The Living Future Institute of Australia (LFIA) is an environmental not-for-profit known for its work with The Living Building Challenge (the world’s most stringent sustainability standard). The standard was developed over a decade ago by architect Jason McLennan.
LFIA helps run The Living Building Challenge in Australia through contextualisation, education, advocacy, advisory services and running transparency labels for building materials known as Declare labels. LFIA works with a number of strategic partners including GH Commercial.
“What makes the strategic partner particularly special is that they are organisations that are in their own right trying to build a regenerative living future. GH Commercial actually holds the highest number of Declare labels in Australia. I think they’re on like 27 or something now, and aiming to do their whole range and I just think that’s such a commitment to transparency and transparency in materials and transforming the material supply chain,” LFIA’s CEO Laura Hamilton-O’Hara said.
The Living Building Challenge is made up of seven performance categories or ‘Petals’: Place, Water, Energy, Health and Happiness, Materials, Equity and Beauty. Incorporating biophilic design plays a major part in achieving these goals.
“It’s about designing human habitat rather than human storage boxes and recognising that humans have been indoors only for a couple of hundred years and recognising that humans have been out in nature for thousands of years,” Laura said.
Part of biophilic design includes incorporating fractals, which are common patterns found in nature.
“Humans actually love fractals. There is heaps of research being done into why we like fractals…Some recent studies have found things like fractal patterns can reduce stress up to 60% and there is a growing body of research on that,” Laura said.
“GH Commercial does that very well incorporating fractals into their carpets so not only is there a lot of commitment around transparency, they’re also incorporating a lot of thinking around biophilic design”.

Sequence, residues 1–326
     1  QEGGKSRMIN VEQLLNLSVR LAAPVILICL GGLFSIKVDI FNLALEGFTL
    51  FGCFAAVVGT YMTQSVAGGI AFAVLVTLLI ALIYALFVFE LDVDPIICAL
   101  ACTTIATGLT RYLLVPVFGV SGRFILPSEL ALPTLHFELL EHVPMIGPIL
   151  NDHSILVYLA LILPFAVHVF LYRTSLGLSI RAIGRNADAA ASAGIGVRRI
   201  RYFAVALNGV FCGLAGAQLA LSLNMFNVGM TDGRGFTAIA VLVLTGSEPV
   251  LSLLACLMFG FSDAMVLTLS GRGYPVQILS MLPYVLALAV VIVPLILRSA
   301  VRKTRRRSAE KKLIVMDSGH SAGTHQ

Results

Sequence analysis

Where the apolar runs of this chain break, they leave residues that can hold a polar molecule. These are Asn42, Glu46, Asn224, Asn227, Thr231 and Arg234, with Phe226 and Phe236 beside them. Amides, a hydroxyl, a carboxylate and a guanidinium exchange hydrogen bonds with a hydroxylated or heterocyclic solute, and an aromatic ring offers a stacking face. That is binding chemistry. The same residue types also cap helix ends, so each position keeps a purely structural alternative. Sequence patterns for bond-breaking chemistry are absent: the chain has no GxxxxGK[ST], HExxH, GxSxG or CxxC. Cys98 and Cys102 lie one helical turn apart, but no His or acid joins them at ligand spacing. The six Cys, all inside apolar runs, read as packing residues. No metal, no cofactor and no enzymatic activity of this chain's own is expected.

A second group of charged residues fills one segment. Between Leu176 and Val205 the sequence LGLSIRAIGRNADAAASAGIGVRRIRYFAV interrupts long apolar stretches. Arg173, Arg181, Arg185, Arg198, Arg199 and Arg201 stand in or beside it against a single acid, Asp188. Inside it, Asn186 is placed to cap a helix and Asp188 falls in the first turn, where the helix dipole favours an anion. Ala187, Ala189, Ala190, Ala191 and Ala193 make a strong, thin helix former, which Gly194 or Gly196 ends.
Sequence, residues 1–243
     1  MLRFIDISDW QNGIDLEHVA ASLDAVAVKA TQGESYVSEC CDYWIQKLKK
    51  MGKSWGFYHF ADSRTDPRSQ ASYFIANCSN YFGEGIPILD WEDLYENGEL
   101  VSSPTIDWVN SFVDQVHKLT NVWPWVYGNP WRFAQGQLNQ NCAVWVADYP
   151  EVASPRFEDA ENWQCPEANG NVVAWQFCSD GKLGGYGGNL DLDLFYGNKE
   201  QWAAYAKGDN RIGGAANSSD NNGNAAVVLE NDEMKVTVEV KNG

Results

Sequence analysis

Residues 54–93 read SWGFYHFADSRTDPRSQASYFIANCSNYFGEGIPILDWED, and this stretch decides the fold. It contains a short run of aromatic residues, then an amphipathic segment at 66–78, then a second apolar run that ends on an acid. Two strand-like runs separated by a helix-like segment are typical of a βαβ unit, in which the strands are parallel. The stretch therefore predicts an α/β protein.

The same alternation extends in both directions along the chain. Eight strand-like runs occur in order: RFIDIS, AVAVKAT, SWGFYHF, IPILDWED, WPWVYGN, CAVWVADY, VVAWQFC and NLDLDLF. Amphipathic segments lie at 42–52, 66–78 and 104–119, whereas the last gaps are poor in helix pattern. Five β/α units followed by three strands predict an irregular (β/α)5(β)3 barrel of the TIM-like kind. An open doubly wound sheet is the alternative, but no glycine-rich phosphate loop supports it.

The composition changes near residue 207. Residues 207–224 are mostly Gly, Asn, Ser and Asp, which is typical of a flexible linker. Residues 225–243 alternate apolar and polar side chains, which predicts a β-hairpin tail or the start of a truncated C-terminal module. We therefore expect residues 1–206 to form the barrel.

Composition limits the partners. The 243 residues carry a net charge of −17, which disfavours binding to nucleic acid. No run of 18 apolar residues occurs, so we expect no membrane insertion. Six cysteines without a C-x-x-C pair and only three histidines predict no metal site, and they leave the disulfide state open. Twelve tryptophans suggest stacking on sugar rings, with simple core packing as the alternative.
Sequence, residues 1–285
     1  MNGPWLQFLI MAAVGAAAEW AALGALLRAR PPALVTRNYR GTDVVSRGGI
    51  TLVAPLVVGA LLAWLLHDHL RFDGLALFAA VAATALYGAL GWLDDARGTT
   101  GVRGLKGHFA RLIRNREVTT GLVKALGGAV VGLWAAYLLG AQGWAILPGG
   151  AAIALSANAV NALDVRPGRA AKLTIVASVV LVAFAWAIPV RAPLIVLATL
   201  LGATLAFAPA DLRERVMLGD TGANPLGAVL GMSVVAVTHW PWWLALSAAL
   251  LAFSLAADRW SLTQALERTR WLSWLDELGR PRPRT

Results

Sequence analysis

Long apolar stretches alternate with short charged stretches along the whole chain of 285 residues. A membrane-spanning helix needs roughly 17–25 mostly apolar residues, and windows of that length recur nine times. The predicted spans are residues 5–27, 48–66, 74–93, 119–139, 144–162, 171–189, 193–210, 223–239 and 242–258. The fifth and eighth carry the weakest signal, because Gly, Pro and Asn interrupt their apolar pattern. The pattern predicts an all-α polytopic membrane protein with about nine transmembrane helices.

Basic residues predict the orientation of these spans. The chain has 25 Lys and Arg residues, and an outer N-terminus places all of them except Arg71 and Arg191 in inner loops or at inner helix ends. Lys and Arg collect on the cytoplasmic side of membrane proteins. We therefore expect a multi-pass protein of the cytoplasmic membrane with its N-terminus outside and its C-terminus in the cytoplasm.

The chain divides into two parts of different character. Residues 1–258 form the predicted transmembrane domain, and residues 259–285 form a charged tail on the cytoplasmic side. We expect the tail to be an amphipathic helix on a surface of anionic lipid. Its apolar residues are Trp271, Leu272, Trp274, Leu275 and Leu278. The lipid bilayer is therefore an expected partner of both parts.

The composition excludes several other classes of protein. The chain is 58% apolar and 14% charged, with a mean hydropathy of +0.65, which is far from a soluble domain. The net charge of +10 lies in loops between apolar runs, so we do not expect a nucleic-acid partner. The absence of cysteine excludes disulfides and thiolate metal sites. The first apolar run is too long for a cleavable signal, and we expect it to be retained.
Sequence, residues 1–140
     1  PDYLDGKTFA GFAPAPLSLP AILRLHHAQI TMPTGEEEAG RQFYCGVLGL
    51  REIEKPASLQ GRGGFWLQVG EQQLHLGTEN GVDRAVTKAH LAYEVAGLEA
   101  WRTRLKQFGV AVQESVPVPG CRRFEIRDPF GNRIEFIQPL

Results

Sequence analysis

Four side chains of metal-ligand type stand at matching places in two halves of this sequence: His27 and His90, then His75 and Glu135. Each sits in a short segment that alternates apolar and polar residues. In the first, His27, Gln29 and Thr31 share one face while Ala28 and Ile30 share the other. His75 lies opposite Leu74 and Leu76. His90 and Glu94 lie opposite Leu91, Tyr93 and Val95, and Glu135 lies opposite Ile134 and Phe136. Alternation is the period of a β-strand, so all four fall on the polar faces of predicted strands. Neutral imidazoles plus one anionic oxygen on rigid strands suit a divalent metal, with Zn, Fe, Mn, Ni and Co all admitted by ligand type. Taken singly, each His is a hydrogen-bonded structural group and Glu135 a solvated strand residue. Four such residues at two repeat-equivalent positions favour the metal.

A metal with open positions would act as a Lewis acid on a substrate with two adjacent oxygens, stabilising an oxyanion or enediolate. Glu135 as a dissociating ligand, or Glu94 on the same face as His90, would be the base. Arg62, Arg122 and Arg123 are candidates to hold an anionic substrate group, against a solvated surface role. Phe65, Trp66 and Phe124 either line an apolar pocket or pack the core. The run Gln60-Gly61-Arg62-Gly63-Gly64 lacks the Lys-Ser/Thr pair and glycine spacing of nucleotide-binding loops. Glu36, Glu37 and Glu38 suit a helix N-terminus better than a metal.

“I know all our projects in Australia use the GH Commercial carpet because it hits the material petal, the transparency petal, that local economy sourcing plus the biophilic design”.
Laura suggests when designing a new building to make some specific choices towards biophilic design like selecting natural materials and orienting the building so that you can make good use of passive ventilation.
The Living Building Challenge is about sustainability, and Laura notes that sustainability makes good business sense.
A recent study by UTS, Lendlease and Junglefy compared two buildings with solar in Barangaroo, Sydney: one operating solar with a green roof, the other without a green roof. On the building with the green roof, they found the solar worked on average 4% better, and at its maximum up to 17% better than the roof next door.
“When you convert that into dollar figures that’s thousands of dollars not to mention the added benefits around being able to manage stormwater, being able to help clean the air in terms of particulates and increasing biodiversity. There are all these knock-on benefits for it”.
If you’d like to find out more about The Living Building Challenge listen to the whole episode of the podcast here.